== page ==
[I]n order to make a municipality liable, it is not necessary that the dangerous place be within the limits of the street. It is sufficient to make the municipality liable that the dangerous place is outside the street limits but so near thereto that *59it endangers travel thereon because of the want of protecting barriers * * * and the probability of injury in case of * * * [accident] * * *.
Id. § 54.69 at 175.
In providing the highway exception to the general grant of governmental immunity, the New Mexico Legislature intended to protect the general public from injury by imposing liability upon governmental agencies when they fail to maintain safe public highways. No new duties are created by the Tort Claims Act. The duty of the Highway Department to construct and maintain certain fences along state highways existed before the Tort Claims Act was enacted.
In determining if liability for negligently maintained fences is conferred upon the Highway Department by § 41-4-11, we use the functional analysis suggested in Red-ding, supra. In that case, the issue was whether a drain grate in a road should be classified under the section of the Tort Claims Act dealing with highways and roads or the section referring to waste disposal. The Supreme Court found the latter section to be applicable, because the primary purpose of the sewer grate was the disposal of waste water and silt from the roadbed of the street. Thus, in the instant case, if the primary purpose of the highway fence is to keep the highway safe for the motoring public, rather than to keep trespassers off private land, then the effect of § 41 — 4-11 is to lift the bar of sovereign immunity in suits against the Highway Department for alleged violations of § 30-8-13(B).
A brief review of the history of § 30-8-13(B) is helpful in determining the primary purpose of the statute. In the early days, the “open range” rule, which relieved an owner of livestock from any duty to keep his animals off a public highway, prevailed in New Mexico. Thus a rancher was not required to fence his property to keep his cattle off the road. The New Mexico Supreme Court abolished this rule in 1965. In Grubb v. Wolfe, 75 N.M. 601, 408 P.2d 756 (1965), the court said that the owner of livestock may be liable for injuries to motorists resulting from collisions with his animals due to his negligence in permitting them to be on the highway. This decision placed the burden of fencing on the cattle owners in order to protect the motoring public from collisions with cattle. The Legislature reacted to the Grubb decision by enacting Laws 1966, ch. 44 § 1 [now codified, as amended, as § 30-8-13(B)] which shifted the responsibility for the construction and maintenance of fences along state highways from the cattle owners, whose property lay adjacent to the highways, to the Highway Department. See generally, 6 Nat.Resources J. 306 (1966). The purpose of § 30-8-13 [formerly § 40A-8-10, N.M.S.A.1953] is to protect the motoring public. Mitchell v. Ridgway, 77 N.M. 249, 421 P.2d 778 (1966); see, Dean v. Biesecker, 87 N.M. 389, 534 P.2d 481 (1975).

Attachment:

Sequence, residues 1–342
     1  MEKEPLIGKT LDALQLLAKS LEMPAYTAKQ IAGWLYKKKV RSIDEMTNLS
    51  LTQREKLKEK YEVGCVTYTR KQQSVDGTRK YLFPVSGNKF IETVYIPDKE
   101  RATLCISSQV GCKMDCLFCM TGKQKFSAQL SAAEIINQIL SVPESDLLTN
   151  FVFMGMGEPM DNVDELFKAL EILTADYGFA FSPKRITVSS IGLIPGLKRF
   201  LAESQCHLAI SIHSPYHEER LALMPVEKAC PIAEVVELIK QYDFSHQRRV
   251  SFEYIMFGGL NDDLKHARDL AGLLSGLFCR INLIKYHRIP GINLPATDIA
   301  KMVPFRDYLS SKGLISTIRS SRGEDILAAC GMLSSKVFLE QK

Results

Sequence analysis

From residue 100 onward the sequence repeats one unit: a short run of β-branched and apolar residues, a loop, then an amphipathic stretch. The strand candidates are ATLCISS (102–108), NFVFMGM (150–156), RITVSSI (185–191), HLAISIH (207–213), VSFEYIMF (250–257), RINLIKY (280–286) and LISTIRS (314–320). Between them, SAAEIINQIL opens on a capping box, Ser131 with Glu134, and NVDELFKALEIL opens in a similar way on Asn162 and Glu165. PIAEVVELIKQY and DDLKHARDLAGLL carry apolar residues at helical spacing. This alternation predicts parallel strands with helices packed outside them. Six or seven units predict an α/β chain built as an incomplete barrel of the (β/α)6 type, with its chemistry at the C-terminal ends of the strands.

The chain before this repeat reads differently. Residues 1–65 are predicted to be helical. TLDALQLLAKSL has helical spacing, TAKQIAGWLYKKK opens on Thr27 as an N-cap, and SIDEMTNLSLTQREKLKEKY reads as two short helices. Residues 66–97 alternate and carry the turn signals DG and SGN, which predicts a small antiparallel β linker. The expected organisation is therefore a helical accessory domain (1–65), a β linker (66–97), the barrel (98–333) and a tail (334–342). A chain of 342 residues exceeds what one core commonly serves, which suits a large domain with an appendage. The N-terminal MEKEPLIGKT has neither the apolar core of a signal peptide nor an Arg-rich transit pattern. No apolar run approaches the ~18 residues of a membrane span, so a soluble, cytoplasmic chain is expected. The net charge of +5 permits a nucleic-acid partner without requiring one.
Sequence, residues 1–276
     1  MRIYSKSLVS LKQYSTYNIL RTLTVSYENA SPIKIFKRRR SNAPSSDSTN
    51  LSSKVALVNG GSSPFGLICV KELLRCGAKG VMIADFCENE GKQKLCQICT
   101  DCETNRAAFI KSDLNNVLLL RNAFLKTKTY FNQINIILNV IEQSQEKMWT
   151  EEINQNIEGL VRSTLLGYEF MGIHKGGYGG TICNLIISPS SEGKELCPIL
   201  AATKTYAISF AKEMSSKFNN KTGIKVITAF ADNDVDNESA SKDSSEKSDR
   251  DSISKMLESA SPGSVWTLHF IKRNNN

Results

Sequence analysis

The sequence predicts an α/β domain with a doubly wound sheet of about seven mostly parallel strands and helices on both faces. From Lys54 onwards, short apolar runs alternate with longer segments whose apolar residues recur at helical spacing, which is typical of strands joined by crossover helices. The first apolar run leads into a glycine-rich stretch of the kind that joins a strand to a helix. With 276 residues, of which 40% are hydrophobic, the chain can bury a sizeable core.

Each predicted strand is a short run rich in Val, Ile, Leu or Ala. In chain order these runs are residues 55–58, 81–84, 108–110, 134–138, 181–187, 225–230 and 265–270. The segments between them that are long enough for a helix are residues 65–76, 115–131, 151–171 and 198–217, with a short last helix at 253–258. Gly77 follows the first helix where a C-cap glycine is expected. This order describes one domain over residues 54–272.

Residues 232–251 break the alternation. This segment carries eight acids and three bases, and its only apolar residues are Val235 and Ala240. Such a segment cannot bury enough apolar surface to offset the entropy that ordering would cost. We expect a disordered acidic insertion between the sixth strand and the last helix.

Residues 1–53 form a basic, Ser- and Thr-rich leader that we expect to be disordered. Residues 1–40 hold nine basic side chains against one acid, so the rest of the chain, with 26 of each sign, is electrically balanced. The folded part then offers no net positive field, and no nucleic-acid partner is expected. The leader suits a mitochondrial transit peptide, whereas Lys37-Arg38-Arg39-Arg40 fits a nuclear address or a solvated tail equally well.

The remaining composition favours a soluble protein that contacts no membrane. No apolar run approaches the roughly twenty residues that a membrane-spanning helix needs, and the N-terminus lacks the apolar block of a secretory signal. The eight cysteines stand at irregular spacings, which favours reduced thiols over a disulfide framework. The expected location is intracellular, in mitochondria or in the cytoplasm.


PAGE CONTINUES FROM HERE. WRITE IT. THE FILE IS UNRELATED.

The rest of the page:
The Legislature is presumed to know the laws in existence. State v. Trivitt, 89 N.M. 162, 548 P.2d 442 (1976). Section 30-8-13(B) pre-dated the Tort Claims Act. Consequently, when it enacted the Act, the Legislature was aware of the statutory obligation of the Highway Department to construct and maintain fences along public highways where necessary to protect the public from cattle straying into the way. The purpose of the waiver of sovereign immunity in the maintenance of highways was also to protect the public. The Supreme Court of Utah found that the purpose and effect of their Governmental Immunity Act was to remove sovereign immunity in situations where formerly, but for sovereign immunity, there would have been liability. Stevens v. Salt Lake County, 25 Utah 2d 168, 478 P.2d 496 (1970). The same is true of the New Mexico Tort Claims Act. The Legislature declared:
Liability for acts or omissions under the Tort Claims Act shall be based upon the traditional tort concepts of duty * *.
Section 41 — 4-2(B), N.M.S.A.1978. The traditional tort concepts of duty include the recognition that a duty may be imposed by the Legislature. Because the Legislature *60had already imposed the burden on' the Highway Department of constructing and maintaining fences when necessary along public highways, the waiver of sovereign immunity for negligence in the maintenance ' of highways includes negligence in the maintenance of those fences. A highway through cattle country in New Mexico is just as dangerous without a fence as it is with a large pothole in it. Maintaining the highway means keeping it safe for public use.
The dismissal below is reversed and the trial court is ordered to proceed in a manner consistent with this opinion.
IT IS SO ORDERED.
WOOD, C. J., specially concurring.
WALTERS, J., concurs.